United States District Court, W.D. Washington, Seattle
ERIC P. SOPTICH, Plaintiff,
STRYKER CORPORATION a Michigan corporation, and HOWMEDICA OSTEONICS CORPORATION, d/b/a STRYKER SPINE, a New Jersey corporation and wholly owned subsidiary of STRYKER CORPORATION, Defendants.
ORDER GRANTING PLAINTIFF'S MOTION TO
Honorable Richard A. Jones United States District Judge
Honorable Richard A. Jones This matter is before the Court on
Plaintiff's Motion to Amend. Dkt. # 25. For the following
reasons, the Court GRANTS the Motion.
initially brought this action against Stryker Corporation
(“Stryker”) in April 2019. Dkt. # 1-1. Stryker
later removed this action to federal court on the basis of
diversity jurisdiction and moved to dismiss Plaintiff's
Complaint. Dkt. ## 1, 8. On June 11, 2019, Plaintiff filed
his First Amended Complaint, adding Howmedica Osteonics
Corporation (“Defendant” or “HOC”) as
a defendant. Dkt. # 11. On July 5, 2019, HOC moved to
dismiss Plaintiff's Amended Complaint for failure to
state a claim. Dkt. # 19. The Honorable Judge Brian A.
Tsuchida issued a Report and Recommendation, recommending
HOC's motion be granted in part and denied in part. Dkt.
# 24. HOC filed Objections to Judge Tsuchida's Report and
Recommendation which are currently pending before the Court.
Dkt. # 27.
now seeks permission to amend his complaint to join three
additional defendants, Dr. Jens Chapman, Dr. Fernando Alonso,
and Swedish Health Services d/b/a Swedish Medical Center
(collectively, the “Additional Defendants”). Dkt.
# 25. Because joinder of the Additional Defendants will
destroy the Court's diversity jurisdiction, Plaintiff
also seeks an order remanding this action to state court.
after removal, a plaintiff seeks to join additional
defendants whose joinder would destroy subject matter
jurisdiction, the court may deny joinder, or permit joinder
and remand the action to state court. 28 U.S.C. §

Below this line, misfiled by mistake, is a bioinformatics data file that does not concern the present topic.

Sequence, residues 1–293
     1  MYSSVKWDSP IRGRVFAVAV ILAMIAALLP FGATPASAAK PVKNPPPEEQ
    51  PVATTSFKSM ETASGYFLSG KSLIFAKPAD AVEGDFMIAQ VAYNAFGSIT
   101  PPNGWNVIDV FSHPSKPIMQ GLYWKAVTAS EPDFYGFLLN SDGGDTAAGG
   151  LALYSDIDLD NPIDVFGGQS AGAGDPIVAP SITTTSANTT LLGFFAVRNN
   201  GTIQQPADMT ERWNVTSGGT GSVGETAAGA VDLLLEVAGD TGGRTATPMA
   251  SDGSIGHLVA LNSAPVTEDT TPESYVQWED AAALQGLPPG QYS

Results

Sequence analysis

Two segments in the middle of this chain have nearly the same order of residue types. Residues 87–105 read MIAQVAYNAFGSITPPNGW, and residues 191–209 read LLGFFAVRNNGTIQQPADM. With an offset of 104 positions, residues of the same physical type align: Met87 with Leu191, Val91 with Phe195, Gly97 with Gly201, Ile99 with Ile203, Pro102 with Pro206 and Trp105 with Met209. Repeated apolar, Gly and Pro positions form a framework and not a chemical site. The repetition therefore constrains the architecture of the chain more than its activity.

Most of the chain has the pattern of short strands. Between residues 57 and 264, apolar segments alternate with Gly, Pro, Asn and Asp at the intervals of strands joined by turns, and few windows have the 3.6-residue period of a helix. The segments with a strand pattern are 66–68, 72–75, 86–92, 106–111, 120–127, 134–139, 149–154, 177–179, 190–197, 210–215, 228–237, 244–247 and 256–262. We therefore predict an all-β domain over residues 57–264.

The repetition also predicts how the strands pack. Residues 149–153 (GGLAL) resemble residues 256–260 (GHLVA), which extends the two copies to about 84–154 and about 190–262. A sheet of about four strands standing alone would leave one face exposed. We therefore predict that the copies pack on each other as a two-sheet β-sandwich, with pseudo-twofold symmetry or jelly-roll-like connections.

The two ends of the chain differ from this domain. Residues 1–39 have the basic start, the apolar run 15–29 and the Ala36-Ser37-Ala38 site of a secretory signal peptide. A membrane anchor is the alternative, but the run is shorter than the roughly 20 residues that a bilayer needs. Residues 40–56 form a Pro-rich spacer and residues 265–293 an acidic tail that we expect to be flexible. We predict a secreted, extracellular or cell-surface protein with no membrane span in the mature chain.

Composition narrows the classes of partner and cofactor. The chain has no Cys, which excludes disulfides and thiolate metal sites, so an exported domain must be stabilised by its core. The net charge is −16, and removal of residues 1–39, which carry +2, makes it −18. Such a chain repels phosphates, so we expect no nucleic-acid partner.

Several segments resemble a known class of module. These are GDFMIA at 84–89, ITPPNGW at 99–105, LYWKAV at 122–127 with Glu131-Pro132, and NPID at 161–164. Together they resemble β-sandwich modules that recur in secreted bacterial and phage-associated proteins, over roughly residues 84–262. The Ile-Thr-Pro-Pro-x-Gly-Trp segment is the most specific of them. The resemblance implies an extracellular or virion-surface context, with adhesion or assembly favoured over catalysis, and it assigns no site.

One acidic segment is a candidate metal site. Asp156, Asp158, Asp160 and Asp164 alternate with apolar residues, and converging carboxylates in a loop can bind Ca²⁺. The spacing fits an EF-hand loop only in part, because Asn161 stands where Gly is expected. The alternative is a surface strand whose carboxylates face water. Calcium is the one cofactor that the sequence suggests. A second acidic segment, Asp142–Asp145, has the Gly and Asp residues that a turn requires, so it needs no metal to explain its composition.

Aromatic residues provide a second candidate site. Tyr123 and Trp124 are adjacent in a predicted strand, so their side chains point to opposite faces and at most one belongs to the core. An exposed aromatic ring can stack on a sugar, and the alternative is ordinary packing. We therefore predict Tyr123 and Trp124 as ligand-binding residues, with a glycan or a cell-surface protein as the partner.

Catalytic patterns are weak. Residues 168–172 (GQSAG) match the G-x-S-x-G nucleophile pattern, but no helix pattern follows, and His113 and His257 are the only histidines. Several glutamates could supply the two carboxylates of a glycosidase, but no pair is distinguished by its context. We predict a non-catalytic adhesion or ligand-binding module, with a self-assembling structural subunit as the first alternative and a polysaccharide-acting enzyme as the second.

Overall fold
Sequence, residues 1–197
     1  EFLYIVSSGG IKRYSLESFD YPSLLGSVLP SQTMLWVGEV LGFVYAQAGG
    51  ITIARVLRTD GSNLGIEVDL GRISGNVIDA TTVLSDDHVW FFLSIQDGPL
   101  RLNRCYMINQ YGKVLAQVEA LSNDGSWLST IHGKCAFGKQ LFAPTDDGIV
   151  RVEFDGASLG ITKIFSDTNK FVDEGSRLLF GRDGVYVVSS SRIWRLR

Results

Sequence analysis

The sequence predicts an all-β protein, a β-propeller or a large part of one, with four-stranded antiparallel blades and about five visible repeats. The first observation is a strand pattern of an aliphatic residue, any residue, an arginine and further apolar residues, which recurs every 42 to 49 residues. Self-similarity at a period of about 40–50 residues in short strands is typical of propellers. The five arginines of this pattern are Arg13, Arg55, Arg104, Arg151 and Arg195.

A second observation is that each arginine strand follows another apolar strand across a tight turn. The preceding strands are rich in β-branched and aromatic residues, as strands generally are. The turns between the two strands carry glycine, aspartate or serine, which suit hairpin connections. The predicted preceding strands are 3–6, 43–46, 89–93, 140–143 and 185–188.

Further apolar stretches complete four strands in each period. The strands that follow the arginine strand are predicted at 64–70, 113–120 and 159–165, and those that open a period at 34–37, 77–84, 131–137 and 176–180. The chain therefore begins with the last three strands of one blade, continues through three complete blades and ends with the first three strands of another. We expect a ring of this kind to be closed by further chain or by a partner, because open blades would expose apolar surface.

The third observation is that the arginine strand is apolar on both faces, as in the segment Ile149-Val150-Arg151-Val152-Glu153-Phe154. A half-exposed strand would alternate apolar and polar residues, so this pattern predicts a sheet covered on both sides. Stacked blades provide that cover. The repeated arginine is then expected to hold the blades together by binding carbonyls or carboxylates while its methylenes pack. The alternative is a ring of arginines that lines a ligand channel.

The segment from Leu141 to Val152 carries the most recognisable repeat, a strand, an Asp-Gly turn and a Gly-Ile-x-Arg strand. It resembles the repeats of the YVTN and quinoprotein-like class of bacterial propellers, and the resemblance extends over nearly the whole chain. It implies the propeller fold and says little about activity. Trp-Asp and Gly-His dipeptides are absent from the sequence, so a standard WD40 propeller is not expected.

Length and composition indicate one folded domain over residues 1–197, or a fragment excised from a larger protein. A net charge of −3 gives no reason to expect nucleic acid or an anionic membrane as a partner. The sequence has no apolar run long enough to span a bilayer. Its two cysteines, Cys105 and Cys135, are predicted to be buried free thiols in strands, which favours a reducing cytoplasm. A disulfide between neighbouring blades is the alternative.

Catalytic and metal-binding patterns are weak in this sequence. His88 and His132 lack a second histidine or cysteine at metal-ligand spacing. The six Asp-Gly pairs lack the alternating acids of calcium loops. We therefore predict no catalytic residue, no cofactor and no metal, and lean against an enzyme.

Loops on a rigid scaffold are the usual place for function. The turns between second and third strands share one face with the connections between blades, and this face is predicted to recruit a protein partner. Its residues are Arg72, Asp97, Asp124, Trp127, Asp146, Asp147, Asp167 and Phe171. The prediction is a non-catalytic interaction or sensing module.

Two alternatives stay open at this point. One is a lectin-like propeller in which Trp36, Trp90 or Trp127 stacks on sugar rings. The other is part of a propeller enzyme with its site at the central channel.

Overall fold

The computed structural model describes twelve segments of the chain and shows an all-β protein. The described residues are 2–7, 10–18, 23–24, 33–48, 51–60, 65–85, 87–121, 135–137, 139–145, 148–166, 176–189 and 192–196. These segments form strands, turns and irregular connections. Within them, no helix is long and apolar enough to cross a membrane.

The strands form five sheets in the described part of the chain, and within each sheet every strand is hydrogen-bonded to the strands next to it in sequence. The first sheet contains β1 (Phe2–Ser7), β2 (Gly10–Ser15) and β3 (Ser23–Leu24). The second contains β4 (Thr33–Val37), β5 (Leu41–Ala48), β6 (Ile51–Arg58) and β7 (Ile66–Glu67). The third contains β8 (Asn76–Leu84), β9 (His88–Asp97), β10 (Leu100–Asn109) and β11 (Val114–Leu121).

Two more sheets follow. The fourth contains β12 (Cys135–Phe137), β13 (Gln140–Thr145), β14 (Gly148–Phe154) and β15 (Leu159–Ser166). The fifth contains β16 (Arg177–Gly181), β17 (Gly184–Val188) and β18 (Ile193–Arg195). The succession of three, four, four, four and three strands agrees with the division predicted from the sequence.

1447(e). Under § 1447, whether to permit joinder of a
party that will destroy diversity jurisdiction remains in the
sound discretion of the court and will be reviewed under an
abuse of discretion standard. See Newcombe v. Adolf Coors
Co., 157 F.3d 686, 691 (9th Cir. 1998).
Joinder Under 28 U.S.C. § 1447(e)
generally consider the following factors when deciding
whether to allow amendment to add non-diverse defendants: (1)
whether the new defendants should be joined under Rule 19(a)
as “needed for just adjudication”; (2) whether
the statute of limitations would preclude an original action
against the new defendants in state court; (3) whether there
has been unexplained delay in requesting joinder; (4) whether
joinder is sought solely to defeat federal jurisdiction; (5)
whether the claims against the new defendant appear valid;
and (6) whether denial of joinder will prejudice the
plaintiff. See Palestini v. Gen. Dynamics Corp., 193
F.R.D. 654, 658 (S.D. Cal. 2000).
Just Adjudication and Rule 19(a)
contends that the Additional Defendants are necessary under
Rule 19 because failure to join them would result in separate
and redundant actions. Dkt. # 25 at 7. A necessary party is
one “having an interest in the controversy, and who
ought to be made [a] part[y], in order that the court may act
on that rule which requires it to decide and finally
determine the entire controversy... by adjusting all the
rights involved in it.” CP Nat'l. Corp. v.
Bonneville Power Admin., 928 F.2d 905, 912 (9th Cir.
contends that the Additional Defendants are not necessary
under the Supreme Court's decision in Temple v.
Synthes Corp., Ltd., 498 U.S. 5, 7 (1990). Dkt. # 29 at
7. In Temple, a medical device products liability
suit, the Court determined that the plaintiff's physician
and the hospital were not “necessary” parties
under Rule 19(a). Temple, at 5-6. However, because
the standard under 28 U.S.C. § 1447(e) is less
restrictive than Rule 19's standard, Temple does
not preclude a finding that joinder of the medical providers
and Swedish is necessary for just adjudication consistent
with the purposes of section 1447(e). “Although courts
consider whether a party would meet [Rule] 19's standard
for a necessary party, amendment under § 1447(e) is a
less restrictive standard than for joinder under [Rule]
19.” IBC Aviation Servs., Inc. v. Compania Mexicana
de Aviacion, S.A. de C.V., 125 F.Supp.2d 1008, 1011-12
(N.D. Cal. 2000).
also argues that he will be precluded from obtaining complete
relief if HOC ultimately decides to assign blame to the
Additional Defendants. Dkt. # 25 at 7. HOC claims that
Plaintiff's concerns are meritless and that it has
“no basis for asserting any wrongdoing” by
Swedish or Drs. Chapman or Alonso. Dkt. # 29 at 5. The Court
appreciates that HOC, at this time, has no intent to pursue
claims against the Additional Defendants. However, this
action is relatively new - discovery is not complete - and
the Court cannot assume that HOC's position will not
change. It would be manifestly unfair to allow HOC to point
to the physicians' or the hospital's negligence to
reduce its potential liability but prevent Plaintiff from
asserting medical negligence claims in ...